I remember a time when the most exciting thing coming out of Telltale Games was a Back to the Future adventure game. I don’t mean to rain on the parade of Sam and Max fans, but that was arguably the first mainstream adventure title released by the now critically acclaimed developer.
Sam and Max isn’t the only popular franchise Telltale worked with before their breakout success. Strong Bad’s Cool Game or Attractive People was released in 2008, Tales of Monkey Island saw release in 2009, and the first Poker Night at the Inventory came out in 2010. Even back then, Telltale’s desires to work closely with the source material’s creators were evident. Matt and Mike Chapman, co-creators of Homestar Runner, worked alongside developers to help create an authentic product. The process went like so, per an interview with adventuregamingclassic.com:
“In the design phase, we have brainstorming sessions with them where they contribute to the ideas that will eventually become the plot of the episodes. Then one of our designers will write the episode script and pass that along to the brothers where they review, edit and rewrite whatever feels necessary to make the whole thing feel more "Strong Bad-y." They come up with ideas for puzzles and don't hesitate to let us know when a puzzle isn't working and help us to revise it and make it better. We have a weekly meeting with them where we go over the production progress and get their feedback on every detail.”
The same can be said regarding Tales of Monkey Island and working alongside Ron Gilbert, as well as Aardman Animations on Wallace & Gromit’s Grand Adventures. You could argue that without this already established blueprint of working alongside series creators, The Walking Dead: Season One wouldn’t have been as successful. Instead, that experience helped proved invaluable. Walking Dead was more than just an adventure game; it was an authentic experience and true stand-alone product in The Walking Dead franchise. Part of that success can be attributed to Telltale knowing how to work alongside people like Robert Kirkman.
This used to be one of Telltale Games' premiere games. Now it's hidden below their big name titles.
What’s most remarkable is that the process that brought Kirkman to work with Telltale could be a contributing factor to their recent explosion. When Robert Kirkman was playing Strong Bad, he admired the game’s emphasis on storytelling and narrative. A lot of developers make this type of claim as they boast prominent writers penning a script only to see said story fall completely flat. Telltale Games doesn’t make these claims. Instead, they make damn good stories, damn good characters, and compelling narratives. They don’t win you over with promises; they win you over with execution.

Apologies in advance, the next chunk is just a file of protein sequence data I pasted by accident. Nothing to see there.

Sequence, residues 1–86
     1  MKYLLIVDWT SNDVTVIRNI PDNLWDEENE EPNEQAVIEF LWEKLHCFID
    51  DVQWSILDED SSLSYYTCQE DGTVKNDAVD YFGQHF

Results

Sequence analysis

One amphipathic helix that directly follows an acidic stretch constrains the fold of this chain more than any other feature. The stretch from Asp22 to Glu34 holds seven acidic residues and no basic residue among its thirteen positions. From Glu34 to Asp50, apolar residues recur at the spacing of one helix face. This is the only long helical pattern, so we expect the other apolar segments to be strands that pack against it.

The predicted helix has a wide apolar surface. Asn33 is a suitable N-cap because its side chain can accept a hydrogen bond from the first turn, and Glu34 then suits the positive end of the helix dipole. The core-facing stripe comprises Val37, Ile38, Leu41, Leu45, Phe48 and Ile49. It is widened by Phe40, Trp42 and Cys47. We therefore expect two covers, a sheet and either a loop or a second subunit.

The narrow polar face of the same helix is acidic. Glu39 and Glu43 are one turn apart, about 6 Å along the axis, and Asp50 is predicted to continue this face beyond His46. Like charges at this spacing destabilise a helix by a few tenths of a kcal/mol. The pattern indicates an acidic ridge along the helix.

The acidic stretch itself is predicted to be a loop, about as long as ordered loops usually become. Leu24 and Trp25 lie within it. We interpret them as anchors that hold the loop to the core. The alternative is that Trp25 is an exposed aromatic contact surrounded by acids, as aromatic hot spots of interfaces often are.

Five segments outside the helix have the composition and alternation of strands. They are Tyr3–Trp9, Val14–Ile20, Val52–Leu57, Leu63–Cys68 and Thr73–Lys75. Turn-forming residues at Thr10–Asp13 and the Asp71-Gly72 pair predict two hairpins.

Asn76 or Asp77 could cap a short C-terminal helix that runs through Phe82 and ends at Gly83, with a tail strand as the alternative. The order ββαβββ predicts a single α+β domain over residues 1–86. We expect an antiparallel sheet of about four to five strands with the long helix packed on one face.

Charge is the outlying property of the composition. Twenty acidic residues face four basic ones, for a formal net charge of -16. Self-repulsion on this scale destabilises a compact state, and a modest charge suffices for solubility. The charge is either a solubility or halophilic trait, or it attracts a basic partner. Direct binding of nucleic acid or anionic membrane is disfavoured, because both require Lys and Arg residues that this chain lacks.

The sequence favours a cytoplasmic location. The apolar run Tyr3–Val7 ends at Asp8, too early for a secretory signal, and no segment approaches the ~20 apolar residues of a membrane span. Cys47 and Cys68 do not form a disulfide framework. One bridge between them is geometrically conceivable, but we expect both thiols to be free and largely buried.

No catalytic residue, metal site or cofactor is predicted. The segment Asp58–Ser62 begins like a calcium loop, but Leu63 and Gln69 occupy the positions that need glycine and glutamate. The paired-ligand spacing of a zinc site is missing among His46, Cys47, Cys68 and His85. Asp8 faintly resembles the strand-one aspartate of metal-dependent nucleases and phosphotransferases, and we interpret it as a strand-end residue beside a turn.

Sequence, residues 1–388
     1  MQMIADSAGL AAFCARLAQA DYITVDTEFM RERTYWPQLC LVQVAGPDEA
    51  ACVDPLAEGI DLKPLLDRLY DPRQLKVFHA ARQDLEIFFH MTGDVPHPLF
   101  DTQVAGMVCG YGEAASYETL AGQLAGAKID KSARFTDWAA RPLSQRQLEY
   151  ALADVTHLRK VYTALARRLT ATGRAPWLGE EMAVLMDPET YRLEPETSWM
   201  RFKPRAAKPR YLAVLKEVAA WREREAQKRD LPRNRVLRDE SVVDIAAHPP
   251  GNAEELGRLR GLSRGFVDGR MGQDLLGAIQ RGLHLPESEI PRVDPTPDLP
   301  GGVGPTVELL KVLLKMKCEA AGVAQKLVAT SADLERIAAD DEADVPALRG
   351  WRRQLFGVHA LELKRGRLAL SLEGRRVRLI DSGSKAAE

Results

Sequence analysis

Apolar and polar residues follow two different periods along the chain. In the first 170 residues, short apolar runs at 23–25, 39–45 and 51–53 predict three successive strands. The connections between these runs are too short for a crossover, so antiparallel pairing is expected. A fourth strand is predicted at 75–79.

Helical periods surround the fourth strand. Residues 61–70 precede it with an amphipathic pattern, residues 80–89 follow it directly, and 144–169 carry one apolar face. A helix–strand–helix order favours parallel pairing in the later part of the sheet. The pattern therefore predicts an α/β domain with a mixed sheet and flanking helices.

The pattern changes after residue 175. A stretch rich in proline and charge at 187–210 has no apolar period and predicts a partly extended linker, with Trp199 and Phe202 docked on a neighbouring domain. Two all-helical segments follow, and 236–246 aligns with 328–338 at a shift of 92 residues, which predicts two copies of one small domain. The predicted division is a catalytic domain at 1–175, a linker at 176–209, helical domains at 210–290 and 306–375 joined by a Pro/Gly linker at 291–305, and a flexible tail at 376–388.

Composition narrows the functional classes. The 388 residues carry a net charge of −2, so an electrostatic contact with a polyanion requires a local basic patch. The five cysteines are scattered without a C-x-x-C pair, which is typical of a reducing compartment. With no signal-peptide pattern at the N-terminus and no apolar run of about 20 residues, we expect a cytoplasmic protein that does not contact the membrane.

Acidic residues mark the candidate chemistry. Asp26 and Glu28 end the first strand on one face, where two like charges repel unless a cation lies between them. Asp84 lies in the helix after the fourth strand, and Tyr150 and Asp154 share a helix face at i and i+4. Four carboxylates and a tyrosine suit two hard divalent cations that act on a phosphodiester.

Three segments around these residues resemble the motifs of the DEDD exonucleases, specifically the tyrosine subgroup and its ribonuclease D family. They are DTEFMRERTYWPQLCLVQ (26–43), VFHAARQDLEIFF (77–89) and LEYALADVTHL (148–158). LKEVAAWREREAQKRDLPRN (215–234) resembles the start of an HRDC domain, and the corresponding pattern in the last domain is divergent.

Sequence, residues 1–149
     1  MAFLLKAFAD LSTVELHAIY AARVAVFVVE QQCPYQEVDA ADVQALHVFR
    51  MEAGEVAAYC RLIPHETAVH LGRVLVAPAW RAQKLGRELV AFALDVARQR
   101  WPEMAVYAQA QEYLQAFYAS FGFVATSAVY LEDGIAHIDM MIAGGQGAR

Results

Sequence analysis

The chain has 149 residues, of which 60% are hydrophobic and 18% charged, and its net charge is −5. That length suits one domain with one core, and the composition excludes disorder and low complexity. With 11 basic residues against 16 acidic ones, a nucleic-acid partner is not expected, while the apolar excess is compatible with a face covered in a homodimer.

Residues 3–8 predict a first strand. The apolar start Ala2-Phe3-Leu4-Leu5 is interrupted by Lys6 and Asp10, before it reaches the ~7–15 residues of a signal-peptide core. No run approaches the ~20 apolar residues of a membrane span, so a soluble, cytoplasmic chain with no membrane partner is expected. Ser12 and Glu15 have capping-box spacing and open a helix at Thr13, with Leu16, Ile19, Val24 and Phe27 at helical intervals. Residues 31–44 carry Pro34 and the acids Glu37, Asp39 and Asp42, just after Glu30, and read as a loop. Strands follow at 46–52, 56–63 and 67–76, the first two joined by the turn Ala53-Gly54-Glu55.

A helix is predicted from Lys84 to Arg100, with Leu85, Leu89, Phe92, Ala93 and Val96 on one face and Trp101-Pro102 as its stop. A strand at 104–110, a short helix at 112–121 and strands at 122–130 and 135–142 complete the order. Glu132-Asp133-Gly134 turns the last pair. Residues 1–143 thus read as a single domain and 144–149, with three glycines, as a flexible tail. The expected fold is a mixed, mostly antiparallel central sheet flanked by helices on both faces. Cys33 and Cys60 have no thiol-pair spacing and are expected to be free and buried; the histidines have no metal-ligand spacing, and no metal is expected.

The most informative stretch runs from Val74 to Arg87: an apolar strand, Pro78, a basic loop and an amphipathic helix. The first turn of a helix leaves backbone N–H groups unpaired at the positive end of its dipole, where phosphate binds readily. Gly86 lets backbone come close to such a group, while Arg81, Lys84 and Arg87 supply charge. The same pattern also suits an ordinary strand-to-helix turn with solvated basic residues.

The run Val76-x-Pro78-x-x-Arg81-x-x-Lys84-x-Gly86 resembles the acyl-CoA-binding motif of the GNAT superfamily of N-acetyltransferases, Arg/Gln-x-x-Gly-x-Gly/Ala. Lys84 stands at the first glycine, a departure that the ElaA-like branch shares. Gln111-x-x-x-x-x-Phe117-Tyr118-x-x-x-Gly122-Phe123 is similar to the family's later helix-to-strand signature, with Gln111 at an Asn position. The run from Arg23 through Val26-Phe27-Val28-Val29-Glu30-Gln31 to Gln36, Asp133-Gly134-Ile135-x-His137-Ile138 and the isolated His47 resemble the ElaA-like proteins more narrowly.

More importantly, though, they win over the people that matter.
Based on their recent successes, Telltale has gone from a company that releases about one game a year to seeing three games released in 2013 (Poker Night 2, The Wolf Among Us, and The Walking Dead Season 2). Episodes of Wolf Among Us and Walking Dead will continue throughout 2014 as they prepare to release their newest games: Tales from the Borderlands and Game of Thrones. While the first 2014 entry can be seen as a popular franchise getting an expanded narrative, Game of Thrones doesn’t necessarily need an adventure game. Sure, there hasn’t been a good video game adaptation yet, but the franchise is still a money machine between its novels and HBO series. Now HBO is adding in a video game to said money machine and they’re trusting Telltale Games to do it.
It only makes sense seeing as the developer has shown a desire to respect and stay true to source material since day one. Say what you want about their early days. Nobody is perfect from the beginning. Telltale’s staff has been able to stick true to their philosophies while learning from their mistakes and finding out what works. It’s paid off. Big time.